The U.S. Department of Commerce announced affirmative preliminary determinations in the antidumping duty (AD) investigations of mattresses from Cambodia, Indonesia, Malaysia, Serbia, Thailand, Turkey, and Vietnam.
Commerce preliminarily determined that exporters from the countries listed below have dumped mattresses in the United States at the following margins:
- 252.74 percent for Cambodia;
- 2.61 percent for Indonesia;
- 42.92 percent for Malaysia;
- 13.65 percent for Serbia;
- 572.56 – 763.28 percent for Thailand;
- 20.03 percent for Turkey; and
- 190.79 – 989.90 percent for Vietnam.
As a result of today’s decisions, Commerce will instruct U.S. Customs and Border Protection to collect cash deposits from importers of mattresses from these seven countries based on the preliminary rates noted above.
The petitioners are Corsicana Mattress Company (Dallas, Texas), Elite Comfort Solutions (Newman, Ga.), Future Foam, Inc. (Council Bluffs, Ind.), FXI, Inc (Media, Pa.), Innocor, Inc. (Red Bank, N.J.), Kolcraft Enterprises, Inc. (Chicago, Ill.), Leggett & Platt, Incorporated (Carthage, Miss.), and International Brotherhood of Teamsters (Washington, D.C.), and the United Steel, Paper and Forestry, Rubber, Manufacturing, Energy, Allied Industrial and Service Workers International Union, AFL-CIO (Washington, D.C.).
Commerce is scheduled to announce its final determinations in these cases on or about March 15, 2021.
If Commerce’s final determinations are affirmative, the U.S. International Trade Commission (ITC) will be scheduled to make its final injury determinations on or about April 26, 2021. If Commerce makes affirmative final determinations of dumping and the ITC makes affirmative final injury determinations, Commerce will issue AD orders. If Commerce makes negative final determinations of dumping or the ITC makes negative final determinations of injury, the investigations will be terminated and no orders will be issued.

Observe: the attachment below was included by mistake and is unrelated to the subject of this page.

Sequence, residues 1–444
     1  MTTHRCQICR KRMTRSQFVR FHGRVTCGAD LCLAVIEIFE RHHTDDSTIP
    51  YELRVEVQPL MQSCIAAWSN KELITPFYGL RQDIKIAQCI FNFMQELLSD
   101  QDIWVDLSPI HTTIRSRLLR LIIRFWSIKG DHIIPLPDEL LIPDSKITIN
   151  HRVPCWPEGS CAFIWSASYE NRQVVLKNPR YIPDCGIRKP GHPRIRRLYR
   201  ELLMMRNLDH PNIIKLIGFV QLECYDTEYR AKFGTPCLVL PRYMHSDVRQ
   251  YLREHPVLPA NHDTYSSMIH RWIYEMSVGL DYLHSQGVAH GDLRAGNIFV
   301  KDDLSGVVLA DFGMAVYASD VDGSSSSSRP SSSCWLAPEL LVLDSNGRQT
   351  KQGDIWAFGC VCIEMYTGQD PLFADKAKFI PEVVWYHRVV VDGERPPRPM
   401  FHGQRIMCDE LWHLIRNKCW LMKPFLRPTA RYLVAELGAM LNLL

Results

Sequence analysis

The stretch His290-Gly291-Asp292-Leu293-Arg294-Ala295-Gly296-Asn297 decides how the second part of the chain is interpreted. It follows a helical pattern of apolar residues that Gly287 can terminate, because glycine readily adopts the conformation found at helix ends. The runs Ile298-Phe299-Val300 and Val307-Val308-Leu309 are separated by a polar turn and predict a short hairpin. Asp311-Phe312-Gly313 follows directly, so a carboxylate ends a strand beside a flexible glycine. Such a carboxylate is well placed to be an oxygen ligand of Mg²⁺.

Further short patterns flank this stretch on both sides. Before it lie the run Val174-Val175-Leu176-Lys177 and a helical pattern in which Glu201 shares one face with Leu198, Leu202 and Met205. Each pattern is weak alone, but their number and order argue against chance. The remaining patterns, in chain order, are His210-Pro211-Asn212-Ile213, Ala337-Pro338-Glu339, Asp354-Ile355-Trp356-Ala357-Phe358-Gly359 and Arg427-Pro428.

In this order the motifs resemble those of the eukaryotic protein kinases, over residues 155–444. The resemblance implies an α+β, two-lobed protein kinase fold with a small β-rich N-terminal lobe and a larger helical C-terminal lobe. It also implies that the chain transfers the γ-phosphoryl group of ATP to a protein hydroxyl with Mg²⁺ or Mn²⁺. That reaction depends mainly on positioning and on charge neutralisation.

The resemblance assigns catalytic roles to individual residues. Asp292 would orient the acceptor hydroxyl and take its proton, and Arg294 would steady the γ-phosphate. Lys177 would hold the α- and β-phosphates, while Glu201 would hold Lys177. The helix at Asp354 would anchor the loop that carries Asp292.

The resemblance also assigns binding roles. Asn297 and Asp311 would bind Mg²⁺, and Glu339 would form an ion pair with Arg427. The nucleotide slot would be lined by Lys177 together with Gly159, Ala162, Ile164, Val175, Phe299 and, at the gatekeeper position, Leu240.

In 2019, U.S. imports of mattresses were valued at:
• $33.1 million for Cambodia;
• $102.6 million for Indonesia;
• $38.6 million for Malaysia;
• $24.1 million for Serbia;
• $18.7 million for Thailand;
• $19.4 million for Turkey; and
• $166.6 million for Vietnam.
Read the fact sheet on today’s decisions.
The strict enforcement of U.S. trade law is a primary focus of the Trump Administration. Since the beginning of the current administration, Commerce has initiated 297 new AD and countervailing duty (CVD) investigations – a 271 percent increase from the comparable period in the previous administration.
The AD law provides American businesses and workers with an internationally accepted mechanism to seek relief from the harmful effects of unfair pricing of imports into the United States. Commerce currently maintains 540 AD and CVD orders – an all-time high – providing relief to American companies and industries impacted by unfair trade.
Foreign companies that price their products in the U.S. market below the cost of production or below prices in their home markets are subject to antidumping duties.
Commerce’s Enforcement and Compliance unit within the International Trade Administration is responsible for vigorously enforcing U.S. trade laws and does so through an impartial, transparent process that abides by international rules and is based solely on facts submitted to the public record.